RAV4 Hybrid

Considered among the elite in Compact SUV field

Roseville, Calif. – It’s one of the biggest sport utility vehicles in the compact class. And every time we drive one, we swear it looks more like a midsize SUV.

Make no mistake, the Toyota RAV4 is considered among the elite “big guys” in the compact SUV field. It’s been jockeying for supremacy with the Honda CR-V for more than two decades. And judging by sales the past four years, the RAV4 is currently on top.

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That rivalry includes the hybrid versions, which are both top-notch. We sampled the 2021 Toyota RAV4 hybrid and came away quite impressed. It cost a bit more than the standard gas-powered RAV4, but the money can be recouped due to the hybrid’s terrific gas mileage (38-41 mpg). And the Toyota hybrid is cheaper than the CR-V.

The emergence of the hybrid version has no doubt helped improve RAV4’s overall sales. It’s the top-seller in the class, exceeding 400,000 the past four years that includes an all-time best of 448,958 in 2019.

RAV4 sales have exceeded CR-V in those four years. The Toyota SUV has also remained ahead of two other notable small hybrid SUVs – the Ford Escape and up-and-coming Hyundai Tucson.

Aside from the enviable fuel economy, this year’s RAV4 hybrid also has a roomy interior, has a large cargo area and provides solid performance. It’s part of the fifth RAV4 generation that was introduced in 2019.

Grown tougher

Designed as a small SUV that appealed primarily to women back in its 1996 debut, the RAV4 exterior has grown tougher over the years, no doubt a change that helped make it popular with men as well.

The RAV4 hybrid comes equipped with two electric motors that combine with a 2.5-liter, four-cylinder to produce 219 horsepower and 176 pound-feet of torque. The hybrid has standard all-wheel drive and goes 0-60 mph in 7.4 seconds.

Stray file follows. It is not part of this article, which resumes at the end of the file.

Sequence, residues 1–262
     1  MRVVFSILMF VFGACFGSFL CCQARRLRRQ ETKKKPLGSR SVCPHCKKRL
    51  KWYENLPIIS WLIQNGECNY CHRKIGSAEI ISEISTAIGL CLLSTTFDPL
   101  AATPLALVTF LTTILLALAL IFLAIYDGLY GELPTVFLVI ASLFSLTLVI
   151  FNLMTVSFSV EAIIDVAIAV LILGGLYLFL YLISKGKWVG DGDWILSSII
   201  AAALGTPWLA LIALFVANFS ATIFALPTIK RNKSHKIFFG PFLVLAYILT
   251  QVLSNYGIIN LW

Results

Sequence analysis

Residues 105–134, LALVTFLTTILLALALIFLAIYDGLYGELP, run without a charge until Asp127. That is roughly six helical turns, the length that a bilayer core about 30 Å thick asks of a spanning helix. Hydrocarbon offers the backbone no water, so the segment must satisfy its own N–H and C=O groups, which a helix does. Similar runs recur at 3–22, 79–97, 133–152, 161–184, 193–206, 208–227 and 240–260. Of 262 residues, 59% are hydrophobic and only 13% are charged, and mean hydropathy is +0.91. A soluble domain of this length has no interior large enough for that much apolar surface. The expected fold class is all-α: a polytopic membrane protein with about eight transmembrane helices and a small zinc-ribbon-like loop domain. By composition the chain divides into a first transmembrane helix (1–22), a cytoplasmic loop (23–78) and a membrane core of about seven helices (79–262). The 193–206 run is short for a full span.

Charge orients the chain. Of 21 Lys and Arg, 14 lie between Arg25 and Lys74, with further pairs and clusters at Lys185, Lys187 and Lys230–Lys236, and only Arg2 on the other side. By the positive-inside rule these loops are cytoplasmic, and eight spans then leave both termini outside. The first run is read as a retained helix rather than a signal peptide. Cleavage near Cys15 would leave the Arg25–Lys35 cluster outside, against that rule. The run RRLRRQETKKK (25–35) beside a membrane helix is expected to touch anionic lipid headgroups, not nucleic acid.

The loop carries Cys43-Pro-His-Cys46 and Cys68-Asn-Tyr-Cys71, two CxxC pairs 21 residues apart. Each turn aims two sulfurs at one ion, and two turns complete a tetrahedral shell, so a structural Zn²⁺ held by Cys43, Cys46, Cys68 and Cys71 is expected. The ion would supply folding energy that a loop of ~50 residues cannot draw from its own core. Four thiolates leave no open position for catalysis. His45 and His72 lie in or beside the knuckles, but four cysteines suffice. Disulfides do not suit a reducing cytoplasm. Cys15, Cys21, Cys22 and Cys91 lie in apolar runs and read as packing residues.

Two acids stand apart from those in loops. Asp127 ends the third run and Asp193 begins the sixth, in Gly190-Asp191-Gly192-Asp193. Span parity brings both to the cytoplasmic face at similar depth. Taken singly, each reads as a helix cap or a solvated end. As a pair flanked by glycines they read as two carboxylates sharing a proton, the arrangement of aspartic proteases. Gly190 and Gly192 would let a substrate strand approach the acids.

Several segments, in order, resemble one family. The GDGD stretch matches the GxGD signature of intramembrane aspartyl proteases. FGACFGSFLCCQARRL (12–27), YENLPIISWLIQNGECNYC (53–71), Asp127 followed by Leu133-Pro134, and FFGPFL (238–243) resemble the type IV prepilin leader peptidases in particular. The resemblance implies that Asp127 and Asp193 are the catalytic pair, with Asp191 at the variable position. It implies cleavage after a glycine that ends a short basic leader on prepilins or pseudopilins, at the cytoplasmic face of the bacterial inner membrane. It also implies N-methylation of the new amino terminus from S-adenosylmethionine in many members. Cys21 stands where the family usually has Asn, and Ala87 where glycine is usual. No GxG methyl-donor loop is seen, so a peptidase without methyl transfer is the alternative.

Quicker than the gas-powered RAV4, the hybrid weighs 3,710 pounds and tows up to 3,500 pounds. Although not meant for off-roading, it will definitely provide good traction on snowy and icy roads.

One area of complaint with any version of the RAV4 is the ride quality. It doesn’t absorb the bumps well on uneven surfaces and the engine noise is noticeable at high speeds, often requiring a hike in the radio volume.

However, the RAV4 delivers better results in terms of handling and maneuverability. Still, some of its rivals are superior in both areas.


  • Performance: two electric motors, 2.5-liter, four-cylinder, 219 horsepower
  • Mileage estimate: 38-41 mpg
  • Price estimate: $28,900 – $37,500
  • Warranty: 3 years/36,000 miles; drivetrain: 5 years/60,000 miles; roadside assistance: 2 years/unlimited; corrosion: 5 years/unlimited

Tech & Interior


Technology is another category where the RAV4 could use some improvement. Although we appreciate some of the simplicity in mastering the controls, more tech-savvy folks may demand more.

The RAV4 comes standard with a 7-inch touchscreen display that has a sizable tablet style, but it gets dinged for its dated graphics and the long reach that is required of the driver.

The seating is solid in the roomy cabin that offers lots of room for four adults (three in the back row can feel a bit cramped). We don’t like that the passenger front seat lacks the easy adjustments that the driver receives.

The cargo area is a true strength, measuring 37.6 cubic feet behind the second row and expanding to 69.8 cubes with the seats folded down. Note that the Honda CR-V is just a tad bigger.

Even though there remains room for improvement, the 2021 Toyota RAV4 hybrid has got to reside on the must-see list for anyone considering a purchase of a compact SUV.

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